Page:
• We routinely schedule Skype sessions with overseas clients because we understand that high-quality, interactive "face-to-face" communication between the attorney and client is important.
  • We routinely have overseas clients appear at mediation or trial remotely via Skype to facilitate their "personal presence" at these critical events.

If you are a military or Federal Civil Service member who is PCS or deployed overseas and looking for a family law firm to help with an issue in the courts of Bexar and surrounding counties, you are invited to send us a consultation request through our website to arrange a free consult.  We'll be glad to set up a convenient time to Skype with you to learn more about your situation, answer questions, and discuss strategies for a way forward.

Jim Cramp is a retired active duty colonel and the founder and principal attorney at the Cramp Law Firm, PLLC.  The firm helps clients in the greater San Antonio region, across the United States, and globally with family-law related matters the courts of Bexar and surrounding counties.

 


Monday, November 30, 2015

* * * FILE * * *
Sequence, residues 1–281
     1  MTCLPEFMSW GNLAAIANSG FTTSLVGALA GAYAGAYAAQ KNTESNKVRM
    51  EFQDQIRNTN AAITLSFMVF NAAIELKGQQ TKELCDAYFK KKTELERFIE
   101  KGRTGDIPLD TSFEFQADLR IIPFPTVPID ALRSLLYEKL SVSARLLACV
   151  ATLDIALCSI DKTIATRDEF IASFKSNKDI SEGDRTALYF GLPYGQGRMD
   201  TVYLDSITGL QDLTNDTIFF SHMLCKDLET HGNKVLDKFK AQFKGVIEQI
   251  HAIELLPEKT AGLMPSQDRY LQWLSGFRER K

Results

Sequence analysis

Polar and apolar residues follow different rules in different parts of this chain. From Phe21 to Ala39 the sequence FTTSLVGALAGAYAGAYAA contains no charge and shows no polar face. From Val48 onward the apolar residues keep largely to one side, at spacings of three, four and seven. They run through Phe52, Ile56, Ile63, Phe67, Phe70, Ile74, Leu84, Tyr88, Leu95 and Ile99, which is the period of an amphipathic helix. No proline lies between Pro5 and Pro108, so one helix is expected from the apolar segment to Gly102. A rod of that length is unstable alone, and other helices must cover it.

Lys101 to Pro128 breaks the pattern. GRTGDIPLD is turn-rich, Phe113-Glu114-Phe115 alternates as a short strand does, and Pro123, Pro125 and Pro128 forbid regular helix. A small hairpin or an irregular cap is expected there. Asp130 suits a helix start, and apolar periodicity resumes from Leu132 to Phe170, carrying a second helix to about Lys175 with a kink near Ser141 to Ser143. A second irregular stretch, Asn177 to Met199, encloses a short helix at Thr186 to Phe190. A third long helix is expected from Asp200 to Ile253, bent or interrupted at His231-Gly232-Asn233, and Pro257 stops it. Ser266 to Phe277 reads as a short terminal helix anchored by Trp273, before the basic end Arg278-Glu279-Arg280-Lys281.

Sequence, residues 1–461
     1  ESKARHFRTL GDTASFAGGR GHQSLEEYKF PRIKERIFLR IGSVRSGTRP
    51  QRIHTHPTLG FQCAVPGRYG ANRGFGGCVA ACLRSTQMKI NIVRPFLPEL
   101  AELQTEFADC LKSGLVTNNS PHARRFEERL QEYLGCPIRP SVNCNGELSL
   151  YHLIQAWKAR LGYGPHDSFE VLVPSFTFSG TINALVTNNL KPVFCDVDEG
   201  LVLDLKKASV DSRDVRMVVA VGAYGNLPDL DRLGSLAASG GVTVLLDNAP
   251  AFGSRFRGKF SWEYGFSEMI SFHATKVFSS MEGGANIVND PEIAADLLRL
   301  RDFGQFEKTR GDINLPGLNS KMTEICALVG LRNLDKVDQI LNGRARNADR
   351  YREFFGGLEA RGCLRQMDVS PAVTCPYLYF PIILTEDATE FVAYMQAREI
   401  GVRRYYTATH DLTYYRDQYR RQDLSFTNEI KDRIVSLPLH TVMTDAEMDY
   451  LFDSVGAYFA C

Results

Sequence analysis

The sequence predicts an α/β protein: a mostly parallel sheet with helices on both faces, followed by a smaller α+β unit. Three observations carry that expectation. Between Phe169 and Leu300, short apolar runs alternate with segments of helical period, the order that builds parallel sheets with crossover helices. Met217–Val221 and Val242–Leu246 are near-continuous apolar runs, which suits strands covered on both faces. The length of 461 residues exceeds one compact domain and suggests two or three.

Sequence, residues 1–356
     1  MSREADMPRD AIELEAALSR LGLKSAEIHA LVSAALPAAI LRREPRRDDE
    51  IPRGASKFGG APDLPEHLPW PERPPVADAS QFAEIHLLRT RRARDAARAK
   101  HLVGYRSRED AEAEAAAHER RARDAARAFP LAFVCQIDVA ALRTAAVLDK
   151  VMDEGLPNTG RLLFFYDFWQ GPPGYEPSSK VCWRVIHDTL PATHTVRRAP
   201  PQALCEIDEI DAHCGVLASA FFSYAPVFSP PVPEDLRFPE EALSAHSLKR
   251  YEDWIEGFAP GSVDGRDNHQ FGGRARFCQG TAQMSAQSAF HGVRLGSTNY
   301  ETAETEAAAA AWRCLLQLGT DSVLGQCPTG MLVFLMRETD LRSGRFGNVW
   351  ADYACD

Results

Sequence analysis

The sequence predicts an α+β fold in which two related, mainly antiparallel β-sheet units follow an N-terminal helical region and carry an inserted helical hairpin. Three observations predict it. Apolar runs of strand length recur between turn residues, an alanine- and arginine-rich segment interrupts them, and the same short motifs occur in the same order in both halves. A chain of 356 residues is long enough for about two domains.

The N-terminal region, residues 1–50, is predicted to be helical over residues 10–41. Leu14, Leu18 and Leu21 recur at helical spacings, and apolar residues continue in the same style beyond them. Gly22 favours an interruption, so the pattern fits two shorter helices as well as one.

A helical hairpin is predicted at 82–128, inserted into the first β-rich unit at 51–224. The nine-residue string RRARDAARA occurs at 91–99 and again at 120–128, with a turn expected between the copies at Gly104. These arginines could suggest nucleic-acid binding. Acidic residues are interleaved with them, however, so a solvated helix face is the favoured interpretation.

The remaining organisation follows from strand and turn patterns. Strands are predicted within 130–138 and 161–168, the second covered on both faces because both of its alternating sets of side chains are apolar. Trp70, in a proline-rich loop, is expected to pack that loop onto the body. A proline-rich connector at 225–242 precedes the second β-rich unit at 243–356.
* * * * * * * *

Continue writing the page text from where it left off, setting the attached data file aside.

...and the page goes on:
Military Divorce: Former Spouse Suvivor Benefit Plan (SBP) Is Not Always Available

First, you should know that the former spouse's military retired pay payments stop when the servicemember dies.  Former spouse SBP is a purchased annuity that, if available, can replace that stream of payments.  To have former spouse SBP protection, it must have been ordered as part of your decree and applied for in a timely manner

There are two scenarios where former spouse SBP cannot be awarded as part of a military divorce, as follows:

  1. Spouse SPB was not elected by the servicemember at time of retirement (which would have required the spouse's consent); and,
  2. Former spouse SBP was awarded to a prior spouse in a prior divorce; the annuity cannot be split or awarded twice.  The early bird gets the whole worm.

You--and your divorce attorney--should know that any attempt to have the court order the servicemember to make the former spouse the beneficiary of the servicemember's SGLI or VGLI life insurance policies is unenforceable.  That fact has been established in both Federal law and a U.S. Supreme Court decision.  Given that fact, asking the court to order the servicemember to provide a commercial insurance policy or annuity are the best options to protect the former spouse's financial security after the servicemember dies and former spouse military retired pay stops.